Wikipedia’s paid editors

Wikipedia is produced by an online community of thousands of volunteers. The internet encyclopedia is one of the top-ten most-visited websites in the world. Its editors are not supposed to write or update articles for pay, but the rule is difficult to enforce.

On the eve of its stock market flotation, an (unnamed) American company approached Mark Bray, who lives in Sheffield, the steel town in the north of England. The company required the 28-year-old’s help on a matter the directors felt could affect the share price: its Wikipedia page. Short, uninteresting and uninspiring, the page was in dire need of some pizzazz.

So Mr Bray advised the company how to polish, update and expand its entry in the crowdsourced online encyclopedia. He did this for pay. ….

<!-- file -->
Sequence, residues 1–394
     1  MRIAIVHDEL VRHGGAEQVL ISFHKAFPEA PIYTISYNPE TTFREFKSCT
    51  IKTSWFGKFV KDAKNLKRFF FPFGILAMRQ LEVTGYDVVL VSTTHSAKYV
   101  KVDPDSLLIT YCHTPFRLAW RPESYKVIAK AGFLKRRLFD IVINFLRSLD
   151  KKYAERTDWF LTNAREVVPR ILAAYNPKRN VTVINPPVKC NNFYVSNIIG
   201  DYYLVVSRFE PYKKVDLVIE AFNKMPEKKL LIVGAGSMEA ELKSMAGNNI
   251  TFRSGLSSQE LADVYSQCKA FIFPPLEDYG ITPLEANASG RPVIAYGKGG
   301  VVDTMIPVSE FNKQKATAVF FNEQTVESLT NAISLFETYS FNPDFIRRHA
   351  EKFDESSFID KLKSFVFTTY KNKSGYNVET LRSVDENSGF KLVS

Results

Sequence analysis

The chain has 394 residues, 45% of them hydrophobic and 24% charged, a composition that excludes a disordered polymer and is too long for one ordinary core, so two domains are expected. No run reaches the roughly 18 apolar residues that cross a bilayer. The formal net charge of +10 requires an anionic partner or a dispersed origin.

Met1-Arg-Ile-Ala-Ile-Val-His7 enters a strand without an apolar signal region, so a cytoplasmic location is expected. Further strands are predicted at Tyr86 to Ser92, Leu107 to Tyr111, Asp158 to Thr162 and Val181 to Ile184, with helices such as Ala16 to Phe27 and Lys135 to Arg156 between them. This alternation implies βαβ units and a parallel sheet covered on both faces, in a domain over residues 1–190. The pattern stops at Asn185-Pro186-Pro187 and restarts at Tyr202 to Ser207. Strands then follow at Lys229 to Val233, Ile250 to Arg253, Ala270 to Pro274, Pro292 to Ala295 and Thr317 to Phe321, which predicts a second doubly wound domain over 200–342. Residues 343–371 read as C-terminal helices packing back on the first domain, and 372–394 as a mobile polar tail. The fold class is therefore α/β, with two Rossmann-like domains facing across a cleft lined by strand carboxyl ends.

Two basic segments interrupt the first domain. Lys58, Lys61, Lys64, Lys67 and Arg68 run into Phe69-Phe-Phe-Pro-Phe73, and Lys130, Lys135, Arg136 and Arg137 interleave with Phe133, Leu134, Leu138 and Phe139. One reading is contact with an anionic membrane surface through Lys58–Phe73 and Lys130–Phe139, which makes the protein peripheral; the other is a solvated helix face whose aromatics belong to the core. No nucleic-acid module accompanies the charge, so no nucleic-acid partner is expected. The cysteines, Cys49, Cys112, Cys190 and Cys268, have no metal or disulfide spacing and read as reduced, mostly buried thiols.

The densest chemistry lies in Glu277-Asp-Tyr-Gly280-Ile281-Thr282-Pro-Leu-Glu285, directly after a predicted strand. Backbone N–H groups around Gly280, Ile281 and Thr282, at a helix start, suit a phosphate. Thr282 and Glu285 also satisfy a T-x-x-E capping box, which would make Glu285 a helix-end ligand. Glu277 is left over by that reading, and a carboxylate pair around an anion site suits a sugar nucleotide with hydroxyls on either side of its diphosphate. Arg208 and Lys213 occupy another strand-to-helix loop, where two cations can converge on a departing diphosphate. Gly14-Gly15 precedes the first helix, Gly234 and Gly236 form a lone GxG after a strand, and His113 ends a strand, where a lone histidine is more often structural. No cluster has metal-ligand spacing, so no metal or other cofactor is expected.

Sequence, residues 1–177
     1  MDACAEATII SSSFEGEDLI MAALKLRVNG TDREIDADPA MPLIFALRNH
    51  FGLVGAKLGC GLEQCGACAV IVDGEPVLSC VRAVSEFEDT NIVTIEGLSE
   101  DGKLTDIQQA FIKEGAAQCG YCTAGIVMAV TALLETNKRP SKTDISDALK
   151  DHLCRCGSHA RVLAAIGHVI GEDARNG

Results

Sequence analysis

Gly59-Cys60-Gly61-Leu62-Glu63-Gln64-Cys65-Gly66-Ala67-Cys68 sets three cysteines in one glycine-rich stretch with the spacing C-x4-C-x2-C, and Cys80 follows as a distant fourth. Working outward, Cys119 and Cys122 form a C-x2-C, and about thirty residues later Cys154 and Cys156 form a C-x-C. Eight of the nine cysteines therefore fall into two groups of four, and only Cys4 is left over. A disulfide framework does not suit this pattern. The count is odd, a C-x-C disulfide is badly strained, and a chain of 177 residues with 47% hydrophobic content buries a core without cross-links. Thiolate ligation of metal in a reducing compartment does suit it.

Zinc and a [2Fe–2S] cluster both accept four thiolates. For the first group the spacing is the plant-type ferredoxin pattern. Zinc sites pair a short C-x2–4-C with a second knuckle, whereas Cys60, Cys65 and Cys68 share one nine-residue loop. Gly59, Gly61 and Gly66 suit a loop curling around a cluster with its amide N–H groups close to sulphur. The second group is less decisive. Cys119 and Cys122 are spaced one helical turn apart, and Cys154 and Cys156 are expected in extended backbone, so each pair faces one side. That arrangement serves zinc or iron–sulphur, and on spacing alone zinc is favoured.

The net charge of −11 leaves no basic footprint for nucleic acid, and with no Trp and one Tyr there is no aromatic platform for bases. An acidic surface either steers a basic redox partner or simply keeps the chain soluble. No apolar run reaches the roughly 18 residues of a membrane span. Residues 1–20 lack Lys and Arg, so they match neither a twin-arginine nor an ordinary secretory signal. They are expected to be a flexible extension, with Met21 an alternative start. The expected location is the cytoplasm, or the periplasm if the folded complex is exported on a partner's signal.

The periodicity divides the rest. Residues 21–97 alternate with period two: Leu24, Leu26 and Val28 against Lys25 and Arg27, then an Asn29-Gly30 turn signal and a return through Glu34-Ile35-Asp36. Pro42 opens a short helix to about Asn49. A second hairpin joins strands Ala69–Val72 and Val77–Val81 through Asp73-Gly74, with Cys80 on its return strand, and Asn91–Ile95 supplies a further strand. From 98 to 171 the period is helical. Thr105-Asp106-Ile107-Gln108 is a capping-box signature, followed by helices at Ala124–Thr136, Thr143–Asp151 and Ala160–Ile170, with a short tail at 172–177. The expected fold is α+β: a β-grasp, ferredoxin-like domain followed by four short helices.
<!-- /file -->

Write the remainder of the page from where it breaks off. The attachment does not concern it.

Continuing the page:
Wikipedia’s beauty is that it is free, according to Katherine Maher, chief communications officer at Wikimedia. “Paid editing disrupts the values. Wikipedia is a volunteer collaborative community. If it was paid it would be a different site.”

Last year, a Wikimedia employee stepped down after it was discovered that she had been editing on behalf of paying clients.

Emma Jacobs, “Editors-for-hire on Wikipedia“, Financial Times, 27 February 2015 (metered paywall).

The nonprofit Wikimedia Foundation, with headquarters in San Francisco, California, operates Wikipedia and other wikis.

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